Patient-Reported Bowel Urgency Burden in IBD Underscores Need for Assessment in Clinical Settings

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Findings highlight the negative impact of bowel urgency and bowel urgency-related accidents on the daily lives of patients with UC and CD.

Vipul Jairath, MBChB, DPhil | Credit: Ailmentiv

Vipul Jairath, MBChB, DPhil

Credit: LinkedIn

Despite the use of biologic and conventional therapies in inflammatory bowel disease (IBD), findings from a recent study highlight the significant burden of bowel urgency and bowel urgency-related accidents as reported by patients with ulcerative colitis (UC) and Crohn disease (CD).1

The study, published in Inflammatory Bowel Diseases, qualitatively explored which aspects of bowel urgency and related accidents patients considered most bothersome and meaningful to improve, highlighting the need for the development of novel treatment strategies to reduce these experiences as well as patient-reported outcome (PRO) measures to assess bowel urgency in clinical settings.1

“Bowel urgency is often ignored during patient–healthcare provider interactions due to the embarrassment associated with it; therefore, patients’ individual concerns may remain unaddressed,” lead investigator Vipul Jairath, MBChB, DPhil, John and Susan McDonald Endowed Chair in Inflammatory Bowel Disease Clinical Research at Western University and chief medical officer at Alimentiv, and colleagues wrote.1 “In this context, patient-reported outcome measures are valuable tools for quantifying the patient perspectives of bowel urgency.”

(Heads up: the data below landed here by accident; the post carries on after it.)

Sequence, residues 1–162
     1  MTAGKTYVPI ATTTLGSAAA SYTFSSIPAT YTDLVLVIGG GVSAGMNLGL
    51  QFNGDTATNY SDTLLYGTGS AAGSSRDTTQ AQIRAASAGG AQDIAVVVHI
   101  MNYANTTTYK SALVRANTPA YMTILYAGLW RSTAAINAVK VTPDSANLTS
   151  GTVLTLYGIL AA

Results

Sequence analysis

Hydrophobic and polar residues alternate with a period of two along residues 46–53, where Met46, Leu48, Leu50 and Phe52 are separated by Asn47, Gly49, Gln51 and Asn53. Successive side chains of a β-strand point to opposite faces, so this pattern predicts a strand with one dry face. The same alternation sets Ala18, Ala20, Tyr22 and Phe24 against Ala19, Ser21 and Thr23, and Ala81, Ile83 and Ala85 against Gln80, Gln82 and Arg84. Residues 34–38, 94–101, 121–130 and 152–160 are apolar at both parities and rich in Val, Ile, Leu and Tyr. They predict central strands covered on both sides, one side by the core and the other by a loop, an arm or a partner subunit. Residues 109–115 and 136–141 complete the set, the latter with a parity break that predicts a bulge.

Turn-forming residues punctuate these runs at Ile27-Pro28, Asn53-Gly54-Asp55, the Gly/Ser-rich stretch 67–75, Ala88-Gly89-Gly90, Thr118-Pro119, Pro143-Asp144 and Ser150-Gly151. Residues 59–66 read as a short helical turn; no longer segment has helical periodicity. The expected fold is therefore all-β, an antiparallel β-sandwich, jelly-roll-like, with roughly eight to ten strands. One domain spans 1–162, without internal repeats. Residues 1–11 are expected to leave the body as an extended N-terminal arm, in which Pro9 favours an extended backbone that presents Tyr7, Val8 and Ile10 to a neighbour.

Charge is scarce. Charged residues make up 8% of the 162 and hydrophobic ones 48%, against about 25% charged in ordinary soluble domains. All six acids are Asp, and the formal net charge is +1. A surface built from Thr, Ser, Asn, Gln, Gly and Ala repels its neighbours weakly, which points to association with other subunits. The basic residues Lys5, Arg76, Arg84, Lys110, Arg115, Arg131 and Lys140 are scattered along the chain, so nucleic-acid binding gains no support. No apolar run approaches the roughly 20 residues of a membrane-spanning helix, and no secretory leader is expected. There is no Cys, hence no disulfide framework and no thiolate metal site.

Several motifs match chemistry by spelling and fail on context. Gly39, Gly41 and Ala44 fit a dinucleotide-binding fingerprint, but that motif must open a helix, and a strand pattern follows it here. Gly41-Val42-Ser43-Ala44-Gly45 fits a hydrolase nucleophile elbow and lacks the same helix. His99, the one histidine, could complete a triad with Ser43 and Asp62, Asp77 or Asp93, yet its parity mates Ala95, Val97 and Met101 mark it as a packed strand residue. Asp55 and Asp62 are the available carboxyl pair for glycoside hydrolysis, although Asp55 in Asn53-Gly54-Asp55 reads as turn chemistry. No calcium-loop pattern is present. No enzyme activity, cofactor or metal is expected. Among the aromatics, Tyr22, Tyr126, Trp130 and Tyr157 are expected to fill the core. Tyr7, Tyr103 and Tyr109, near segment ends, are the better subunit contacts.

Despite being a pivotal symptom influencing patient health-related quality of life, bowel urgency is not frequently included in clinical assessments or clinical trial endpoints in IBD. However, recent US Food and Drug Administration guidelines encourage the exploration of bowel urgency in UC and CD, highlighting the need for a more comprehensive understanding of patient experiences.2,3

To explore bowel urgency and bowel urgency-related accidents and further identify the concepts most important to patients, investigators conducted concept elicitation interviews via telephone or Web-enabled teleconference with adult participants ≥18 years of age who were diagnosed with moderate-to-severe UC or CD for ≥6 months and had experienced bowel urgency in the past 6 months.1

Researchers trained in qualitative interviewing techniques from Adelphi Values conducted semi-structured interviews with a total of 30 patients from September 27, 2021, to December 8, 2021. Participants were asked to describe the experiences and impacts of bowel urgency and bowel urgency-related accidents as well as the aspects of bowel urgency experience that are most bothersome and how they define meaningful improvement in bowel urgency.1

Among the interviewees enrolled in the study, 15 had UC and 15 had CD. Both cohorts were predominantly female (53.3%), although patients with UC were slightly older (51.6, ± 19.8 years vs 50.0, ± 16.8 years) and more frequently reported experiencing bowel urgency in the past week (60% vs 53.3%). However, investigators noted more patients with CD were reported by their clinicians to have severe disease (46.7%) compared to patients with UC (26.7%).1